It’s creepy to find out that a bathroom you used had a camera in it. And, if you did find out that there were recordings, you’d want people held responsible for this invasion. Well, that’s how a number of women felt after finding out that a bathroom they had visited contained a spy cam. Although their claims were initially dismissed, a New Jersey appeals court revived their claims when it ruled that the women aren’t required to identify themselves in the footage to prove their case.
The Invasion of Privacy
In late 2009, Teodoro Martinez, a former janitor at an office building in Somerset, New Jersey, was charged with invasion of privacy after it came to light that there was a surveillance device — which made visual and audio recordings — in the ceiling of a women’s bathroom. When police searched Martinez’s home, they found 8 hours of recordings that had been gathered over the past year, as well as more surveillance devices. Martinez was released on bail and fled the country.
In 2011, over 60 women filed a lawsuit against CRS Janitorial Services (Martinez’s employer), I&G Garden State (the owner of the building), and Planned Cos (the security company). The superior court judge ruled against 35 of these women at summary judgment, finding that a look at the video would be necessary in order to prove that they were filmed. Three of the women were able to obtain reinstatement of their claims, 30 women appealed the decision, and the rest of the women agreed to a settlement in 2016.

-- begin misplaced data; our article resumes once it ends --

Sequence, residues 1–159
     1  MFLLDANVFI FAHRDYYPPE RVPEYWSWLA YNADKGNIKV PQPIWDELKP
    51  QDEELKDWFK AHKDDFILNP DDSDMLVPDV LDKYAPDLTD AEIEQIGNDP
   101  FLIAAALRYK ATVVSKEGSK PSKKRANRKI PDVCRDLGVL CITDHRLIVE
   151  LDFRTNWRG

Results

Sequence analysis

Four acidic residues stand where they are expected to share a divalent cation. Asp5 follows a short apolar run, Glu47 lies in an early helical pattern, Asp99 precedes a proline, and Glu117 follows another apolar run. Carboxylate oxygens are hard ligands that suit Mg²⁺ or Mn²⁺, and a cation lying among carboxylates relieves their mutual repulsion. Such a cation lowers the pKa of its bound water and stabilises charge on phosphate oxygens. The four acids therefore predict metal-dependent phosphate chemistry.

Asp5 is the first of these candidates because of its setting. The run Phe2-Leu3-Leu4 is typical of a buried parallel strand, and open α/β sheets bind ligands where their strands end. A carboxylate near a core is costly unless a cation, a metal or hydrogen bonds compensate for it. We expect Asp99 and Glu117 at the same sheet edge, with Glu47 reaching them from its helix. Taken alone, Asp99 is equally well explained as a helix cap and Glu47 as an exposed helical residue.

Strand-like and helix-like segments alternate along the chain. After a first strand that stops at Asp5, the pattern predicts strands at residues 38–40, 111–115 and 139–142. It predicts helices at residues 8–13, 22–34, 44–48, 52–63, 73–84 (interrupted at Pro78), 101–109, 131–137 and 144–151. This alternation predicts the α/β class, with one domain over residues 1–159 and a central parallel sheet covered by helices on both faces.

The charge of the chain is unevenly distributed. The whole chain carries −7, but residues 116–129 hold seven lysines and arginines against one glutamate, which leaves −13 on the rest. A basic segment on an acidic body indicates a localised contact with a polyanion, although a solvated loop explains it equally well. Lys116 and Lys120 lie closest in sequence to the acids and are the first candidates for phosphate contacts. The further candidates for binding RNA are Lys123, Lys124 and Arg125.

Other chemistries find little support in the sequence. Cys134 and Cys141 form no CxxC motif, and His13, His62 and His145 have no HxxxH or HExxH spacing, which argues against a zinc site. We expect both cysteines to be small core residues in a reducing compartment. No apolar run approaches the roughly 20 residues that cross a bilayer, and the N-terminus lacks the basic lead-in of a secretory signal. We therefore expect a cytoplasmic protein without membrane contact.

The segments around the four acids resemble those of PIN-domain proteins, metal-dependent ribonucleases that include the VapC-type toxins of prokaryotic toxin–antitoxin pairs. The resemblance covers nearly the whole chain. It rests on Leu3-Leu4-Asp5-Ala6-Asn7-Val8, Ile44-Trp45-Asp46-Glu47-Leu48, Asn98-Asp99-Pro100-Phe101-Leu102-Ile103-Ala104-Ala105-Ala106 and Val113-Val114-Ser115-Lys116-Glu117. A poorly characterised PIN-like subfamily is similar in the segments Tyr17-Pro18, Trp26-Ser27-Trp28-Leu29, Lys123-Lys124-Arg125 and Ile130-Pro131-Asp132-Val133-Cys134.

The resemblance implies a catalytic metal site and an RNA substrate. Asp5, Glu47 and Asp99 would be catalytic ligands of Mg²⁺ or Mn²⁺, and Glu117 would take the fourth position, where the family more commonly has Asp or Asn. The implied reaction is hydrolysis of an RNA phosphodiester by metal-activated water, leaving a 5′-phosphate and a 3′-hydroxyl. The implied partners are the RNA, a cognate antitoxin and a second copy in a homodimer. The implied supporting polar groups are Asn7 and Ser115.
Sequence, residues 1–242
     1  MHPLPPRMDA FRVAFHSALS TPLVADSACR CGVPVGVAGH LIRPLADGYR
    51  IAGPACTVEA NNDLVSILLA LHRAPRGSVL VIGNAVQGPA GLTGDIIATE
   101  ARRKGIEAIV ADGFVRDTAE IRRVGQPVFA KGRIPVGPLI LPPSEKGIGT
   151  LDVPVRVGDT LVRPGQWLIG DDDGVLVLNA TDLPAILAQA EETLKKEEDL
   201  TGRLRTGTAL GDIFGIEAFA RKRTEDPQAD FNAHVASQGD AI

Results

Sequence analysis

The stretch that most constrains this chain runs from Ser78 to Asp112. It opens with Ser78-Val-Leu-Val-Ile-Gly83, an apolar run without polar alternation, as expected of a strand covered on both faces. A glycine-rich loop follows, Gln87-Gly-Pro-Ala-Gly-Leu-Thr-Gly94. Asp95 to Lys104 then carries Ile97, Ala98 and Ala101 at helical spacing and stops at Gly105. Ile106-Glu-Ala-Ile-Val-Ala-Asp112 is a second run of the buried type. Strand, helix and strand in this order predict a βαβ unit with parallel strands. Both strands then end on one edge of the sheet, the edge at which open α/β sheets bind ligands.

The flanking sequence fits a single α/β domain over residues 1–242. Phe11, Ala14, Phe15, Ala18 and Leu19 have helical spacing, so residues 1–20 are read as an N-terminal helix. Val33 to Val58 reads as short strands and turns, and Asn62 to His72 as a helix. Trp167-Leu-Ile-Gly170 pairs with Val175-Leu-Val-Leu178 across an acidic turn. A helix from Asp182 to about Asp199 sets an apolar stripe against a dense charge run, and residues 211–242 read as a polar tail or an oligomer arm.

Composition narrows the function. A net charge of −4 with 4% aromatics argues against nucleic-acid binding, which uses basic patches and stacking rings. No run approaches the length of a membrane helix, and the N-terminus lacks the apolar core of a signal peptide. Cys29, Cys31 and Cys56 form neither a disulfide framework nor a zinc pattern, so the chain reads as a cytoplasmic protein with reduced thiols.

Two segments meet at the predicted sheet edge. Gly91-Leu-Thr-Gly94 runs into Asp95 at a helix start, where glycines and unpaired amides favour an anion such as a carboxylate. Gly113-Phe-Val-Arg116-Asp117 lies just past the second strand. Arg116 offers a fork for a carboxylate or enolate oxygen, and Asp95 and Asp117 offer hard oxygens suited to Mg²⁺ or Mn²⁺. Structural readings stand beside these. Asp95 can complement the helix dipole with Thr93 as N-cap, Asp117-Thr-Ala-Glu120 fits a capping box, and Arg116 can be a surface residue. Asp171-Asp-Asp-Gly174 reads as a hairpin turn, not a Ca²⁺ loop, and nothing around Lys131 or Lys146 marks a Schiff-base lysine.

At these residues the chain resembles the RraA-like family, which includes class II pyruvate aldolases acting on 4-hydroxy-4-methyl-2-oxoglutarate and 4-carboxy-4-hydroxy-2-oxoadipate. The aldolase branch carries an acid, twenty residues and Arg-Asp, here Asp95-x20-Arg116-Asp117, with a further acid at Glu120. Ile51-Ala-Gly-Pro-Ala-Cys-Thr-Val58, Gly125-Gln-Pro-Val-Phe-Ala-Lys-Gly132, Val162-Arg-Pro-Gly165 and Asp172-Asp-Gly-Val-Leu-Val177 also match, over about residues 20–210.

The Appeals Court’s Reasoning
The appeals court disagreed with the lower court, and instead found that it wasn’t necessary for the women to view the surveillance video in order to prove that Martinez had spied on them. Judge Clarkson Fisher, who wrote for the three-person panel, stated that making the women to “brandish the smoking gun of an intrusion — an actual image of the event” would give too much protection to the perpetrator and not enough to the victim. The opinion also stated that “[a]n injury logically results from the mere learning of an intrusion notwithstanding the lack of actual recordings.”
The judge also said that if there was a requirement where a victim would have to show proof of a recording to assert this type of claim, it “would excuse the conduct of those tortfeasors who delete, secrete, or destroy once-captured images before being caught.” Similarly, it could also potentially excuse offenders who violate a victim’s privacy without recording anything.
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